We recommend legal aid practitioners should not have to obtain prior authority from the Legal Aid Agency to engage in ADR but should be free to pursue it as part of an ordinary legal aid certificate.



The Government’s desire to abolish no fault eviction and promote longer tenancies sets a framework to try a similar approach in housing disputes, where longer, healthier tenant-landlord relationships could be sustained through the normalised use of ADR techniques in court and tribunal processes.

In those circumstances, we ask whether all courts and tribunals dealing with housing disputes should have ADR as the first port of call within the dispute resolution pathway and be empowered to order non-consenting parties to engage with an ADR process. Uptake of ADR generally remains tethered to party consent,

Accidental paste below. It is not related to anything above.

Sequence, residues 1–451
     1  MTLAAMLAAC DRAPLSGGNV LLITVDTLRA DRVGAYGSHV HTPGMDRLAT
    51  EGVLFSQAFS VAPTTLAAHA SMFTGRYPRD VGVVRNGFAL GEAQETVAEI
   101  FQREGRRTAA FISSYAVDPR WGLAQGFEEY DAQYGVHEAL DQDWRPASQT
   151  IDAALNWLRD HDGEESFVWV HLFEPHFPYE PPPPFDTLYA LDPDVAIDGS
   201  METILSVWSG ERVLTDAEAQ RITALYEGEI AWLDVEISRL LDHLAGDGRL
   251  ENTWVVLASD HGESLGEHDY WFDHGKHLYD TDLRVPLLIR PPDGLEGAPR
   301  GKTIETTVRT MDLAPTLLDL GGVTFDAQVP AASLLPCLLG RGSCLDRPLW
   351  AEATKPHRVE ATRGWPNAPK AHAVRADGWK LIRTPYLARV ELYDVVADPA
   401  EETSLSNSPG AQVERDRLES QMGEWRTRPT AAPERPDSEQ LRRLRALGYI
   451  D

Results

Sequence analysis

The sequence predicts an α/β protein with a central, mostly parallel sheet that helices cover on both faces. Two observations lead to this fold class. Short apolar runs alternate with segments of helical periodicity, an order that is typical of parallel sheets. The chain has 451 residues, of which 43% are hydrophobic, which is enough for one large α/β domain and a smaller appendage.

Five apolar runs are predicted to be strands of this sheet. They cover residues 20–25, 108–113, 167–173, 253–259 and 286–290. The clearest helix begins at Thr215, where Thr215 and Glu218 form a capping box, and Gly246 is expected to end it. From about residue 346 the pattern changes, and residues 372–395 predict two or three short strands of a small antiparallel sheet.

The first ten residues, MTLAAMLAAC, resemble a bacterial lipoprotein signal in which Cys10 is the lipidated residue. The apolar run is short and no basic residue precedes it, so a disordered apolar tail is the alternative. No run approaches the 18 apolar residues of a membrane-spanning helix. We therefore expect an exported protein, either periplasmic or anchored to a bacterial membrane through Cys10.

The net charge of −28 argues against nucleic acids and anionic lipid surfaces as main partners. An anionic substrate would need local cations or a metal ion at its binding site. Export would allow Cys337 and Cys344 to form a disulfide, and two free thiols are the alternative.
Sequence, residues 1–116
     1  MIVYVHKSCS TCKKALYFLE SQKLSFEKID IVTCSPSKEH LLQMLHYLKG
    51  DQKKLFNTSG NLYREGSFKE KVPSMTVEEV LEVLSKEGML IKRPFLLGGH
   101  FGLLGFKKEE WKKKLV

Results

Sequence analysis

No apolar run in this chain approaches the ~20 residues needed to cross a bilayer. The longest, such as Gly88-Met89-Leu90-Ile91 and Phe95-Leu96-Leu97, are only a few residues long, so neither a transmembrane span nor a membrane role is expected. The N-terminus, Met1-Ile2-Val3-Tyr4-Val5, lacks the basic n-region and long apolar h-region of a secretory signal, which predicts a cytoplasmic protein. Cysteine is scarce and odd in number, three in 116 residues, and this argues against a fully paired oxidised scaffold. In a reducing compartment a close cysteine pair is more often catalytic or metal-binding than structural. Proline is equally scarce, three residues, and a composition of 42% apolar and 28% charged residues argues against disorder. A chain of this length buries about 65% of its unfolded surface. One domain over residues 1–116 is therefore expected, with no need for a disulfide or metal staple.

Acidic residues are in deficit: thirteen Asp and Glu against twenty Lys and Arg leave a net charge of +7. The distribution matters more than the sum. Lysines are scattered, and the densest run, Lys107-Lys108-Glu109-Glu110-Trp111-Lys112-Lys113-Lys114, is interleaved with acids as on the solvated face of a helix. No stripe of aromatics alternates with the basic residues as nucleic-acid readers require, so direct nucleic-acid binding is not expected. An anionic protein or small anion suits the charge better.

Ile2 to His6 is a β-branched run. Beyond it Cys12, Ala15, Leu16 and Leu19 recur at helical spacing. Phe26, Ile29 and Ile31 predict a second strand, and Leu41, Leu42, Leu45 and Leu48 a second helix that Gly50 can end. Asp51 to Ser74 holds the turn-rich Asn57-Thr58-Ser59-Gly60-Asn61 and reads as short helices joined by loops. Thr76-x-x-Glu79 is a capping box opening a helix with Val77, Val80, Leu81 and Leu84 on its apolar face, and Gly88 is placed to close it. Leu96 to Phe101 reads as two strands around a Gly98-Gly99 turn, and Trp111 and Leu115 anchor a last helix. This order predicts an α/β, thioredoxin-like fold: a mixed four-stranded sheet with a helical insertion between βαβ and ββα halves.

We recommend that ADR be more strongly encouraged by amending the procedural rules which apply to the current housing disputes system. Rules committees for the civil courts and First-tier Tribunal ought to consider how the rules could more strongly favour a presumption of or direction to ADR before any formal, adjudicative process takes place. If those rules change, tribunal and court case workers and/or judges should be able to direct parties to engage in all forms of ADR, including in circumstances where there is no consent